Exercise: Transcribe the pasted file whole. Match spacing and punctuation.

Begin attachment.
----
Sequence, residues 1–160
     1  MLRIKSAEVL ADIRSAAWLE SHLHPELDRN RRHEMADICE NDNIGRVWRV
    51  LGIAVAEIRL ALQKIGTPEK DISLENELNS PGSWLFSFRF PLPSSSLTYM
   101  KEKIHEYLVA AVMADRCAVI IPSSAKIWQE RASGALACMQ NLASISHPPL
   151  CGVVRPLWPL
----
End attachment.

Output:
Sequence, residues 1–160
     1  MLRIKSAEVL ADIRSAAWLE SHLHPELDRN RRHEMADICE NDNIGRVWRV
    51  LGIAVAEIRL ALQKIGTPEK DISLENELNS PGSWLFSFRF PLPSSSLTYM
   101  KEKIHEYLVA AVMADRCAVI IPSSAKIWQE RASGALACMQ NLASISHPPL
   151  CGVVRPLWPL